The term "git" is not used in the USA? I didn't know that. I just assumed it had the same meaning over there but nobody cared. After all, there is GIMP.

Re:The Dam Tour. (1)

danhuby (759002) | about a year and a half ago | (#41598609)

By the way GIT was developed by Linus Torvalds and he's Swedish, so it's not the USA we'd have to 'get back'.

Re:The Dam Tour. (3, Informative)

Anonymous Coward | about a year and a half ago | (#41598685)

By the way GIT was developed by Linus Torvalds and he's Swedish, so it's not the USA we'd have to 'get back'.

He's Finnish, not Swedish.

Re:The Dam Tour. (0)

Anonymous Coward | about a year and a half ago | (#41599335)

And he has lived in the US for the last 15 years.

Re:The Dam Tour. (0)

Anonymous Coward | about a year and a half ago | (#41599857)

He's Nerdish not Terran.

Re:The Dam Tour. (1)

jgrahn (181062) | about a year and a half ago | (#41601651)

By the way GIT was developed by Linus Torvalds and he's Swedish, so it's not the USA we'd have to 'get back'.

He's Finnish, not Swedish.

Finnish, and of the minority there who speak Swedish.

Re:The Dam Tour. (0)

Anonymous Coward | about a year and a half ago | (#41598749)

'bastard'... Would that be a fork?

Re:The Dam Tour. (1)

xaxa (988988) | about a year and a half ago | (#41599765)

It's relatively tame -- one of the first "naughty words" I learned at school, I was probably about 6 years old. It belongs with words like crap, cock, dick, fanny (another UK/US confusion...), arse. The sexual words are all worse, including bastard.

The project manager on my project would giggle every time it was mentioned in a meeting when we were moving to it, about a year ago. I suggested he pronounced it "jit" instead, which was OK until we started using the "EGit" plugin for eclipse -- "eejit" is used in Ireland, it roughly means idiot (or git). My manager is Irish.

Software called "ass" would probably be the best opposite case. Pronounced "ass" (rather than "arse") it means the hybrid animal, and generally wouldn't raise eyebrows.

Note that Linus was fully aware of the British meaning of Git when he names his software.

Everyone fails to get the WTF :( (2)

tibit (1762298) | about a year and a half ago | (#41598809)

It's sad that no one picked up on the IMHO biggest snafu: the chroot is mounted using git-fs. Performance-wise it'll suck donkey balls just because of that. Just think of it: every page mapping for those executables has to go through userspace! Whoever thought of that was a real whiz, sigh.

If I were serious about it, I'd work on getting gitfs implemented natively in the kernel. Using fuse could be a proof-of-concept while the kernel driver is being implemented. I just hope that git stores its database with files still being files, because at least then the kernel driver could be, pretty much a filter driver that only rewrites file paths. Otherwise it'll have to be a full-blown filesystem driver with all the inefficiencies of using what amounts to multiple loop devices as its backend.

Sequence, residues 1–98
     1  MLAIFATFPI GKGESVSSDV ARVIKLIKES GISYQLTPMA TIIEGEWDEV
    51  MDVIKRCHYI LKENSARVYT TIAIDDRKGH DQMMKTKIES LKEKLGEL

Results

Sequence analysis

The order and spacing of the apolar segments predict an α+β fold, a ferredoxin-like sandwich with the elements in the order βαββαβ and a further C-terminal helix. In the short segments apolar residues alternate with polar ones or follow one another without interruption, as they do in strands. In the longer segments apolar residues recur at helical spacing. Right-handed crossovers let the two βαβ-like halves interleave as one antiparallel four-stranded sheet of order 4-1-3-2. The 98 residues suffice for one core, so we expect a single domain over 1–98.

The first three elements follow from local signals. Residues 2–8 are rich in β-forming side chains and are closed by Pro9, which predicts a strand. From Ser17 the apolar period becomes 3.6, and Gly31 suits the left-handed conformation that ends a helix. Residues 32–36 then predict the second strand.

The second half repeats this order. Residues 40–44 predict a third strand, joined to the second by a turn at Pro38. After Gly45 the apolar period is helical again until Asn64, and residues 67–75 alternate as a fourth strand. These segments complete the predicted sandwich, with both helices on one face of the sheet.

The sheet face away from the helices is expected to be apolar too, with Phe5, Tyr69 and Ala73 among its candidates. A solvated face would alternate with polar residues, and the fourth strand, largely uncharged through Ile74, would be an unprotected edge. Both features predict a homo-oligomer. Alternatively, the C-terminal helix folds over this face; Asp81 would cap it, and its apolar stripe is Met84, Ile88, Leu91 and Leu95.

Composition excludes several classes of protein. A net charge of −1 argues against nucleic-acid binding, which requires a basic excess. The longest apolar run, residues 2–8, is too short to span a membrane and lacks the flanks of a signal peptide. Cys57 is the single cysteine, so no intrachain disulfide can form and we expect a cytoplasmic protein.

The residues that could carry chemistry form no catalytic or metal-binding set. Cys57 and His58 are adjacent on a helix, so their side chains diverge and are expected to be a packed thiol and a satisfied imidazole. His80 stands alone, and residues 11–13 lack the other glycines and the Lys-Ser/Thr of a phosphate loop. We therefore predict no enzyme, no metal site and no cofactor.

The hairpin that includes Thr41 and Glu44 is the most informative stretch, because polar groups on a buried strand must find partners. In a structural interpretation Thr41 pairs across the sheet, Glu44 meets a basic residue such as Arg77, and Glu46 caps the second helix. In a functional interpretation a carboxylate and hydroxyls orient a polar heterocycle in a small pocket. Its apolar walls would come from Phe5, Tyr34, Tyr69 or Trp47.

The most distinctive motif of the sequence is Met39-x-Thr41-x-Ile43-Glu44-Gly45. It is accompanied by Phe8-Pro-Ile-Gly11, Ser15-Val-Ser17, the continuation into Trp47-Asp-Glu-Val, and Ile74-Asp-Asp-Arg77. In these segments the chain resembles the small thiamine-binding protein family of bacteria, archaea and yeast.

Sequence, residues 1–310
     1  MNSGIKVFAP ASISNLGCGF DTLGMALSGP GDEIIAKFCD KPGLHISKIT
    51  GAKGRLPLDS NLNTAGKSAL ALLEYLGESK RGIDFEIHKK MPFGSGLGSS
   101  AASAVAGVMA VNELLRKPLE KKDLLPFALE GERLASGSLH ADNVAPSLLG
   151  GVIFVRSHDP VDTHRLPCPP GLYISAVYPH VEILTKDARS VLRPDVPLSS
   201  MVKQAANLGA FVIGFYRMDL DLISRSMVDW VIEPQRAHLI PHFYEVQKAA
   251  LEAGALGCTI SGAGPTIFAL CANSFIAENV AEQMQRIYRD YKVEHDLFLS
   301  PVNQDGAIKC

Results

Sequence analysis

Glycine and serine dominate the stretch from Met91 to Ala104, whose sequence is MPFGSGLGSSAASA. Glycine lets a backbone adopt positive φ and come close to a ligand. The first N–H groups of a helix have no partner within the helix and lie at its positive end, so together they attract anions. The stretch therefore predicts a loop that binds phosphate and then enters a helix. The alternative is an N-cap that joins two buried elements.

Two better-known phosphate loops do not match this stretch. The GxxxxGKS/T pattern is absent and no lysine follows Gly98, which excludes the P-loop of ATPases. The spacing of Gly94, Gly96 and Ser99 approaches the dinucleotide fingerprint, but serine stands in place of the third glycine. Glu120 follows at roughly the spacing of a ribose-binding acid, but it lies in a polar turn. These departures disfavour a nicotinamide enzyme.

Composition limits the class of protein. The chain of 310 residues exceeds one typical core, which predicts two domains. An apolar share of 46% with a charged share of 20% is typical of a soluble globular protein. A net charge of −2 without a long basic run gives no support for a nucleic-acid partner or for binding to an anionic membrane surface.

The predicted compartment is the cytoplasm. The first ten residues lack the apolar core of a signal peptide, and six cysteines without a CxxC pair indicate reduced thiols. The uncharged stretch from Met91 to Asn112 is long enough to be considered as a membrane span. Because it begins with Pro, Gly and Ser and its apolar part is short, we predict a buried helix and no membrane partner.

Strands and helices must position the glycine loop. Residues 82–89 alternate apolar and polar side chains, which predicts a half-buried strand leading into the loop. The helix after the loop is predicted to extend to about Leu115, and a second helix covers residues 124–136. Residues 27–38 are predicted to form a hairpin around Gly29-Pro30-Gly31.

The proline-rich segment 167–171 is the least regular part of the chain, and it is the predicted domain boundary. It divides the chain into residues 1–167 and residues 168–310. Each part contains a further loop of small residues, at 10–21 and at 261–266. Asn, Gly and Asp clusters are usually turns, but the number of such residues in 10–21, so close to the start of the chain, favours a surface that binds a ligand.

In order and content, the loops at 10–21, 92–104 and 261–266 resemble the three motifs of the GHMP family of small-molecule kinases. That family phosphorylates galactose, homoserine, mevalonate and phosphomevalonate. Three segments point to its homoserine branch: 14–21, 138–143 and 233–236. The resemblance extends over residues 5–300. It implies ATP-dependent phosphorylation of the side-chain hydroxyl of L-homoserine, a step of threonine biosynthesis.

Re:Everyone fails to get the WTF :( (0)

Anonymous Coward | about a year and a half ago | (#41604383)

Git files in the "standard" repository format have a little header and are gzipped, and can optionally be packed with multiple logical files in one physical file.

Of course, other store formats are possible... it's just a content-addressable blob store at the end of the day, so if you write your own backend you can store and index those blobs however you like.

Re:Everyone fails to get the WTF :( (1)

Wolfrider (856) | about a year and a half ago | (#41620165)

--The kernel is already bloated enough, thank you - let's keep crap like this out of it. It's not even relevant for most of the Linux user base.

--I doubt it would ever be approved by the kernel maintainers anyhow, but you never know, there might be someone crazy enough that thinks this is somehow a good idea. Sigh

Re:Everyone fails to get the WTF :( (1)

tibit (1762298) | about a year and a half ago | (#41620319)

It may not be relevant, but it's a modular kernel, with runtime loadable modules, so a one more module that takes 100kb of disk space shouldn't be a big deal. No runtime memory or performance costs until you use it.

Just tried it in a VM - doesn't work (1)

Crimey McBiggles (705157) | about a year and a half ago | (#41598885)

The boot loader works, but after the progress bar, network connection image, and initialization image, all I get is a Webconverger logo. Running VMWare Fusion 3.1.4, selected the Live option, haven't tried to "install to disk".

Git is not a package manager (0)

Anonymous Coward | about a year and a half ago | (#41599095)

I don't quite get the idea of using git for something like this. Git stores the entire history of the project in question on the 'client' drive. This project will just expand until it explodes in a shower of bits.

It's meant for distributed VCS, this just seems silly.

What about Funtoo? (1)

nikkie (717603) | about a year and a half ago | (#41602729)

I don't know that this is the first. Funtoo [funtoo.org] has been around for much longer and is a "real OS" rather than a internet box only OS. I'd be interested in how they think they compare, but I also don't think that people interested in linux in general would find webconverger a useful OS over Funtoo.